for Information. The arstem that 1
hava adopted la teaching swimming b
vary simple," says Or. Kalsmltb. "it
simply, goes back to th favodatloa arln
clea. All animals, excepting- man. swim
In th same position that they walk.
Teaching man to swtm resolves Itself
Into two factors. First to keep tha body
In a horizontal poatttoa. and tha second
principl rests on fh fact that when
a heavy body strikes the water In a
slanting position with aa Impetus almoet
psrallet with th surface It m almost Im
possible for the body to sink." New Tark
"My Hat's in the Ring"
A OAT A BAR SAWS
Ah e Mr-rv gAfffi makca the ovr noiC
vrwy eetrtrK saat enuNS
SHOOLbmeO ffP-Oi CUfBr4-
is and CAn os yKrioi. vamoohs.
He-SAtD ME oTjTtAT WrW Rv
WEARING TISHT VESTS. ME
MhNKsl JAlp MUCI pjyT 0tig
flMTAa VS,7n TM6
ABtV MuCllAwC PAftLOV. ON
"JWa COftMeT nfj BABxMS.
MCWWaTW frpffD p THE
bVa-otdn DfiuwHiT vieiur '
OOlHO rs TH6 CONVENTION Ar
CrC.6o ANtjTHtTSAr. VWAi
(ATS VvOlM-D TMW MAKE THE
fcf IN THE PH r. ."
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$0fT8OlL0 twwi TO 9 Ay.
KfOVT. THEN iflTr
mrns to cur orr -ssto
PVfwrtie x tkkh 1
SenO AP MATTetrS.
TMItOU4-H OUK MaVt
AUVMAS 5Tft.t ALON6- rvt
Fiturp ljh me niew ,
6F THE itMTrW V0SNr6- ON
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VEHSI&HIS fiftOTH- A VOKe
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NOW 00 ON
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By HAIi COFFMAX.
( March Astronomical fiappenings
SATURN, AS DRAWN BT PROF. BARNARD, OF YBAKE8" OB8SRTATOFX
Aatronomksl spring besliui on tl.ii 9Hh
st IH p. m. when the sun passss through
the Vernal Equinox and day and night
are aqua). The sun rises on the 1st.
Ittb and Slat; respectively, st :H
and t:U and seta st t.O, c.a and tM. thus
making tha days II hours 11 minutes, 11
hours W minutes snd 11 hours il minutes
long on these dates, an Increase of an
hour and twenty minutes during the
month. The sun Is twelve minutes thirty
four seconds slow on tbs 1st, nlns minutes
seven seconds slow on tha Uth and four
mlnutss nineteen seconds slow oa the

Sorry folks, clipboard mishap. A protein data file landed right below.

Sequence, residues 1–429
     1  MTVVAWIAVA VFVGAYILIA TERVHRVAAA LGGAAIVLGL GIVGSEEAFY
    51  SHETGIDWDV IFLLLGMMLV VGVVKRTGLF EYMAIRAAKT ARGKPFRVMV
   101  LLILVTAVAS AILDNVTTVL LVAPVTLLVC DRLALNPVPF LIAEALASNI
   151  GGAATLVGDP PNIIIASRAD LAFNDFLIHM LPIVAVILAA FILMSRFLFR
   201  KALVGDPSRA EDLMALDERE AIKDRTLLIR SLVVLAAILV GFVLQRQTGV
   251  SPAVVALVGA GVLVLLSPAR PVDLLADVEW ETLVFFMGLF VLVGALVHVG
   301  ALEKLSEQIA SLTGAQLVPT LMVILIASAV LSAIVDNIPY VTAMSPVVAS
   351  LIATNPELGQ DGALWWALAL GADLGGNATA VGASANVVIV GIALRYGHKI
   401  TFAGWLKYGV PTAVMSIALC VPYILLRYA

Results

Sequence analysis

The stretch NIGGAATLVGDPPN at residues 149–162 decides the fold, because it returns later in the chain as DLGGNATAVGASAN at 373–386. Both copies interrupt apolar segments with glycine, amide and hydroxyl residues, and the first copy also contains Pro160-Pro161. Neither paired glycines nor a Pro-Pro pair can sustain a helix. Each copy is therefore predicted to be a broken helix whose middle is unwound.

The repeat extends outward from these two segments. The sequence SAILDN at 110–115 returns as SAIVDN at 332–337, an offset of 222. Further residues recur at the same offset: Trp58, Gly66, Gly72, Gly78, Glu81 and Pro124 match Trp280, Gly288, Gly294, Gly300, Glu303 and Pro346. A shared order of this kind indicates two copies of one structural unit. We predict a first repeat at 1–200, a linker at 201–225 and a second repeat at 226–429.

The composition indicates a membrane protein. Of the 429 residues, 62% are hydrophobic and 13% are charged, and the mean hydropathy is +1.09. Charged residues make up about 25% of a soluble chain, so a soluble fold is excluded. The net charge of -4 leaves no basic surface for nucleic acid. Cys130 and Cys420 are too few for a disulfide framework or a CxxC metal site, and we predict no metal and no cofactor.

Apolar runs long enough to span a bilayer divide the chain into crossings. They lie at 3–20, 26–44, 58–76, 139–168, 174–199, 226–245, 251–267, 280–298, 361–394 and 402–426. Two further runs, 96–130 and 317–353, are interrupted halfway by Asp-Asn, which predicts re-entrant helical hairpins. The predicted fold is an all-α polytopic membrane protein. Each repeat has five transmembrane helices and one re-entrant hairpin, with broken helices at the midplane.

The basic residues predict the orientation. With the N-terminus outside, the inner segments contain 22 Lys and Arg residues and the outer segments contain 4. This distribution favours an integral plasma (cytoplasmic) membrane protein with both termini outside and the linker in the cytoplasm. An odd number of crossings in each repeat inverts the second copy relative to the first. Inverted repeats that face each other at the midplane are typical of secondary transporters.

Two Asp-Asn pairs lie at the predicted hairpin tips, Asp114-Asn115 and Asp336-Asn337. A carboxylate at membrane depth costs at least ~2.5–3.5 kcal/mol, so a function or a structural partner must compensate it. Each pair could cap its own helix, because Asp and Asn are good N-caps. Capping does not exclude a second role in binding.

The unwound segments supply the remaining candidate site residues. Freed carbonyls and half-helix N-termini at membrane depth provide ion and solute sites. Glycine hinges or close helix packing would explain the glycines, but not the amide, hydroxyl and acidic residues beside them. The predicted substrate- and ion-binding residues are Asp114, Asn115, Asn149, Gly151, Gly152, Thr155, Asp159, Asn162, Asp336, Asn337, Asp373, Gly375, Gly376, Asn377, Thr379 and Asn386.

Slat. . - .'
Mercury Is evening star during the
whole month and reachea Its maximum
elongation from the sun of nearly nine
teen degrees on th tith. This will be
th best chance of th year to see the
planet In the evening aky. There will be
no bright stars near It, so that It can
readily be Identified. It will then be
about twice as bright as an averag first
Van us Is morning star. Its brightness
will remain pretty constant throughout
the month and tt win very slowly ap
proach tha sun.
Msrs Is evening star. It crosess the
meridian on Ihe 1st. Uth and 31st, re
spectively at t . (.M and I 31 p. m.. and
sets oa these data at I, t:U sad l;lt
Jupiler Is morning stsr and rapidly In
creasing Its distance from the sua. It
rises on ths ISth at 1:07 a. m. and eriiss
the meridian at 1:4 a, m. It Is very far
Saturn Is evening star and tmaim the
meridian on the 1st. lath and Hat, re-
tpectlvely at :41. i:W and t M p. m.
setting oa these dates at 0:0, H: and
9:49 p. m. '
Th moon Is full en th Id, la last
quarter on th loth, new on th 1Mb and
In first querter on the Bin. It Is In eon
function with Jupiter on th Mb. with
Venus on th 1Mb, with Mercury on the
Itth. with rlaturn en the tM and with
Mara oa th Kith.
WILLIAM F. RIOOK.
Mr. Fancy Follower
By WINIFRED BLACK. ,
Tha maa who left his wife and children Nothing matter In this world at all-
and ran away with another man s wife I nothing but you and yodr bappln
Self-control, aelf-rsspect, ths keeping
of a promise made to a helpless woman,
tiie protection of your .own children, tha
confidence of your friends, ths respect
of your enemies. Poof a mere breath
blows them sll away. Toa'U want all
theee things back again some day, but
then It will be too late. Whiff them away
now It la your fancy. s . . .
Ths thing that irks about year point af
view Is that yow do not want to pay tow
your fancy and pay la the right eon of
coin. Already yu begin to whimper,